According to the Oxford Dictionary to be curious is to have a strong desire to know about something. According to researchers, curiosity is in fact “hard-wired” into what it is to be human (see link at the end of this article). This is so much the case that the need to know can often drive us to great lengths to satisfy our curiosity. Most likely this is because within each of us lies the need to make sense of our world and the experiences we have, by fitting what is new into what we already belief to be true. While it has been curiosity that lies behind many scientific discoveries and the advancement of many innovations that have greatly benefited humanity, it is only fair to note that that is only one side of the curiosity question. Curiosity can also have some negative outcomes as we’ve all heard the old adage about how “curiosity killed the cat”.
As I thought of all of this, I recalled a recent diocesan training session, Navigating Change, at which the predisposition to be curious was applauded and considered very useful in a time where adaptation was required. We would hear about the fact that it is not really so much that change bothers us, as the transitions between the old and the new. Even if the new attracts us, we struggle letting go of what we know, and what is familiar, because we are concerned that as soon as we do, we will find ourselves somewhere unknown us, a neutral zone, neither here nor there; we will find ourselves in transition.
During our workshop the presenter(s) referenced Transitions: Making Sense of Life’s Changes by William Bridges. In this book Bridges outlines the process of transition and change by beginning at the “endings” and working forward to “new beginnings”. We all understand endings to be sure. There is not likely a single person who has not experienced an ending, a loss of some kind: loss of turf, people, meaning, control, future, identity, and structure. Even wonderful new opportunities must be proceeded by endings, many of which bring their own difficulties. As Christians, at the very centre of our faith lies a poignant example of this as we have just experienced in our annual remembrance of Holy Week preceding Easter. In the annual telling of our faith story, we relive the truth that we must go through Good Friday to get to Easter Sunday. The joy of Easter is only possible because of the dark path of Good Friday.
And so, while we may not always choose to enter the “neutral zone” between endings and beginnings, transitions can serve us for it is in this in-between zone that we are asked to exercise our faith as we choose a response. Will we choose to review, replace, redesign, relinquish? Will we extend a caring hand to our fellow travellers, making ourselves available to listen in a whole new way to others, and to the God’s Spirit?
Ultimately, to be curious or not is our choice. Will we let our curiosity of where God is taking us in these unusual times be our driver, trusting that with it will come fresh connections to God, to one another and to our neighbourhood? That feels like the question I’m asking myself these days. How about you?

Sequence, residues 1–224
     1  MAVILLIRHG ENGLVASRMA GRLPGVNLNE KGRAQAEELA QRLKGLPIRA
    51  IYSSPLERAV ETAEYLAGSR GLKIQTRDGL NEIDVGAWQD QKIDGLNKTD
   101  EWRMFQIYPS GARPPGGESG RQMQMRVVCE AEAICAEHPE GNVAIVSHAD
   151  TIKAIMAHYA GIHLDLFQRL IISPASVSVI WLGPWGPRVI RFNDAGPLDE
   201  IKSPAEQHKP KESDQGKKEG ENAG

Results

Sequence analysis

Welcome to the website for the congregation of St. Anne's (Byron), an active Anglican (Episcopal) congregation in the western part of London, Ontario. Reverend Canon Valerie Kenyon is our priest. We extend a warm welcome to all visitors, and those looking for a new church home, being blessed with visitors on a regular basis. Our church and parish hall are both wheelchair accessible.
Check out our events calendar to see what is happening in the coming weeks!
As you explore St. Anne’s website you will get a glimpse of the lives and activities of people who make up the family of God at St. Anne’s. There are many more whose names are not recorded here but whose memory is cherished, whose lives have shaped our lives and whose hard work and love of Christ built a foundation stronger than the foundation laid over a century and a half ago with field stones and mortar from surrounding farm land, a foundation that is held together by its cornerstone – Jesus Christ. We are not a perfect family; we are a real family who daily put our lives in the hands of a perfect God, who continually conforms us into Christ’s likeness.
Along with Anglicans around the globe, we at St. Anne’s hold the traditional faith of Christians through the ages. We look back with thanksgiving for blessings received and we look ahead with joy, wondering what new song we are to sing unto the Lord. (Psalm 144:9) The holy friendship we share with God and one another makes us a family and the ministry to which every person you see here and beyond these pages is called, leads us into joyful service of the community in which we live. Our work is simple, to worship God, build a relationship with His Son and love one another as Christ has loved us. (John 15:12)
To get the most out of this website, check our Events Calendar for the list of activites and then consider our other menu items such as Church Seasons. Look for updates and current news on our Outreach and Faith and Worship pages.
Did you know that you could donate online to St. Anne's? Whether making a one-time donation or scheduling regular monthly ones, your donation can be made via the CanadaHelps website.
Help St. Anne's raise money by buying cash/gift cards at www.fundscrip.com.
Buy a cash/gift card to any number of participating businesses through St. Anne's and the church receives a commission on your purchase. For less than $1 in postage for online orders, the card comes right to your mailbox. To order online, go to www.fundscrip.com and use code 5MW25S. Payment must be made at the time of purchase.